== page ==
Travel Eats

Entries in Uchi (2)


Shiny Happy People: Uchi part deux

Satisfied customers pictured above along with our outstanding desserts.  From the top:

Brie Ringo: tempura fried brie with apple chutney on sweet potato chips--this was actually on the savory side of the menu but our server recommended we have it at the end of the meal.  The julienne of apples was done by hand much to Maddy's surprise.  The brie was perfectly crunchy and creamy and the heat of the chutney cut the richness.  Definitely a hit for all.

Peanut butter semifreddo with apple miso sorbet: surrounded by peanut dust.  This was a lot like a super sophisticated peanut butter and jelly but it must have been different enough for Sophie to enjoy it--she hates PB&J but battled for every bite of this dessert.

Lemon gelato with white balsamic, pistachio and golden beet: the thing I hate about ice cream desserts is the ice cream is usually so hard that when try to take a small spoonful the ice cream just scoots around the plate making it difficult to get a bite of the ice cream and all the toppings--not at Uchi.  The attention to detail makes the money well spent.  We wound up parting with much less money than we had anticipated and walked away pleasantly full and already anticipating our next visit.

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Uchi: Rapture in Austin


  Thank goodness it was not the end of the world as we know it on Saturday or else we would have missed this pilgrimage to all that is sushi.  I have seen rave reviews everywhere for Uchi and its chef Tyson Cole--the 2011 Best Chef Southwest James Beard award winner.  The accolades are well deserved, and the crowds are proof!  We made a reservation for 5:00 on a Sunday, and my concerns that only senior citizens eat dinner that early were quickly laid to rest as we watched the restaurant fill to capacity by 6:00.  We came with our Visa cards burning a hole in our wallets, fully planning to drop a lot of coin on this celebration dinner with our daughters.  Imagine our surprise when we saw the extensive happy hour menu with reasonably priced smaller versions of the most popular menu items.  Our waiter Ryan was the perfect blend of comedian, advisor and invisible man.  We never felt rushed, and the pacing of the various dishes was perfect.  Each time a dish was brought to the table the server explained the dish and the best way to navigate--chopstick, spoon, fingers.  I also had worried about portion sizes, again, unnecessarily.  The portions were enough for sharing between the 4 of us, although Sophie didn't partake of all the seafood, and I never felt like things got too precious.  I will attempt to do justice to each of the dishes we had--some are pictured above and I will start with them. From the top:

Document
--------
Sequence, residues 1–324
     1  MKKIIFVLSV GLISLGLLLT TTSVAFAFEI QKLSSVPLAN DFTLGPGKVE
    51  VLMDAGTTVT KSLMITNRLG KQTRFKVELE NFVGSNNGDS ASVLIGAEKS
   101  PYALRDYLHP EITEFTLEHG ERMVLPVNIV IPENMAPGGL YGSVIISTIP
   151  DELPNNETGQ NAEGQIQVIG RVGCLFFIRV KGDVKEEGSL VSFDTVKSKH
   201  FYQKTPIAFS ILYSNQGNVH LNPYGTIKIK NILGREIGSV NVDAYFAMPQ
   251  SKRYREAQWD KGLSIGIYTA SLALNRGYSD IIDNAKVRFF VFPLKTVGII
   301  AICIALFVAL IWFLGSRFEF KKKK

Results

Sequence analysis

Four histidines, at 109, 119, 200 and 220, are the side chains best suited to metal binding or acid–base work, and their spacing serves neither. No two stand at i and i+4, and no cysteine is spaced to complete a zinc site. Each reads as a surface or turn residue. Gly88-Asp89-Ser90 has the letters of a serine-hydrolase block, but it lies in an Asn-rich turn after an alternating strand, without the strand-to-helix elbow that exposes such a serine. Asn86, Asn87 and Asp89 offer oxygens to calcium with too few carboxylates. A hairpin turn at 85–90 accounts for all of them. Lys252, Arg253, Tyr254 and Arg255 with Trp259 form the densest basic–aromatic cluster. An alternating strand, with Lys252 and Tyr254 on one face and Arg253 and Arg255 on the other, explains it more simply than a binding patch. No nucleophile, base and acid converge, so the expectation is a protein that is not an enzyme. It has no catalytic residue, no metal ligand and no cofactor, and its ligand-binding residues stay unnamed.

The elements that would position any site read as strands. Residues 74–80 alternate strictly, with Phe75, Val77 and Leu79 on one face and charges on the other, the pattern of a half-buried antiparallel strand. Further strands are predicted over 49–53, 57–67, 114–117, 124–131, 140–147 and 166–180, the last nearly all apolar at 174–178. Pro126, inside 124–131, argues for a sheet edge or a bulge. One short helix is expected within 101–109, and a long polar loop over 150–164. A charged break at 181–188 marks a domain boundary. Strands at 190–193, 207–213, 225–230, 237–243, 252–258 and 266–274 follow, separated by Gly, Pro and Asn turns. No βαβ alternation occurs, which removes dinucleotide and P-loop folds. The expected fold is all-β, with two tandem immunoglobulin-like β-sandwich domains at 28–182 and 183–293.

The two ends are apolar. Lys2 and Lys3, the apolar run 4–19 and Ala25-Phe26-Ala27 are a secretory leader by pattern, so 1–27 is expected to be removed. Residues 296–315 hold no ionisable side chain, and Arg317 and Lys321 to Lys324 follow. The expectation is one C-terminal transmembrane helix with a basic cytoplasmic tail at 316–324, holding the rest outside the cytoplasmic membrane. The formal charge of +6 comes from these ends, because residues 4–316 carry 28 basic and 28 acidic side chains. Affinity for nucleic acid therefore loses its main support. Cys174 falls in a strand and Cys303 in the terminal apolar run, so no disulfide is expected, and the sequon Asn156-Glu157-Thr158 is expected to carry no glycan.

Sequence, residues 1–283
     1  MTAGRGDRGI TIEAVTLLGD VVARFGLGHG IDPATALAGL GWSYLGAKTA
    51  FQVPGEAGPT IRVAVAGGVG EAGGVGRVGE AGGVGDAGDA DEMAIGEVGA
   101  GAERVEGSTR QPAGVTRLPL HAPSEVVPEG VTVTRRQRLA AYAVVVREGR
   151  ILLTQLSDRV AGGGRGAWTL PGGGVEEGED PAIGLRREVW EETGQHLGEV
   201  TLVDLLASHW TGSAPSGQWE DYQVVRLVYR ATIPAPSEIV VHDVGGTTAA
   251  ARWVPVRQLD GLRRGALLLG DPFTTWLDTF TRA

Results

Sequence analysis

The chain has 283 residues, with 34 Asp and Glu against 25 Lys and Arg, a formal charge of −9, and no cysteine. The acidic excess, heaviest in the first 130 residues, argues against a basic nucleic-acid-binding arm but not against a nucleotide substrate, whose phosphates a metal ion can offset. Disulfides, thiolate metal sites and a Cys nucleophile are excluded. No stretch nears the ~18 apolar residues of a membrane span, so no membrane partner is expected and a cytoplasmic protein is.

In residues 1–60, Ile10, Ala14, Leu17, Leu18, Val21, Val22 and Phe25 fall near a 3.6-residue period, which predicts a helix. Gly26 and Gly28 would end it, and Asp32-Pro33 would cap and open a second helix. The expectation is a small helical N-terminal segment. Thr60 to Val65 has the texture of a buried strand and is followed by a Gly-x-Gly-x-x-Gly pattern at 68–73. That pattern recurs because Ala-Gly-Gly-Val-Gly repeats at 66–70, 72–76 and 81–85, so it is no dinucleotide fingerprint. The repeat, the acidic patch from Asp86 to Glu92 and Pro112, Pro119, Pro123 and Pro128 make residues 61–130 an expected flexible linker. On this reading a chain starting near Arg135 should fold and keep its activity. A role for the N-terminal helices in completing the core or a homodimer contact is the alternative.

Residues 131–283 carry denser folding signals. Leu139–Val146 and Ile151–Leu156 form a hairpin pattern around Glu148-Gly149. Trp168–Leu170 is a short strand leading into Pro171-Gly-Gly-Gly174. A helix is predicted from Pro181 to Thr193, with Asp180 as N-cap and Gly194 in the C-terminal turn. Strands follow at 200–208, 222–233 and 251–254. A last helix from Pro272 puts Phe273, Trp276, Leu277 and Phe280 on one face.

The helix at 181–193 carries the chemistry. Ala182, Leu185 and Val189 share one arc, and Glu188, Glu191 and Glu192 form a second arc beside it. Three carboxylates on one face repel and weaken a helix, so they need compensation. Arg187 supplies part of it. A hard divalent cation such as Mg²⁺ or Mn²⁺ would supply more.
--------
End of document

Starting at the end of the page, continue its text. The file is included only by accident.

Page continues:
Pitchfork Roll: waygu beef (medium rare) avocado caviar and leek crisp.  This was personally my favorite. The beef was truly melt in your mouth. 

Bacon Steakie: grilled pork belly, basil, citrus (kumquat)--this is the happy hour portion and a bargain at $6.  Will have this every time.

Shag Roll: again, the happy hour portion of a tempura roll with salmon, sundried tomato, avocado and a squid ink sumiso sauce.  Another $6 bargain.  Served piping hot and crisp.

Shun no kaki: a nightly special and one I hope they will have in the future.  I am the only oyster eater so I didn't have to share this jewel.  kusshi oyster, horseradish sorbet, lemon gel and charred lemon zest. 

We had everything on the happy menu, except the kakiage which is a sweet potato fritter.  Two dishes were enjoyed twice...the crunchy tuna roll and the walu walu (see below)--a cooked dish with seared escolar, yuzupon and yuzu marmalade--the server recommended we use a spoon and to make sure we got the sauce with each bite of fish.  If there was a straw handy I would have sucked up the last drops.

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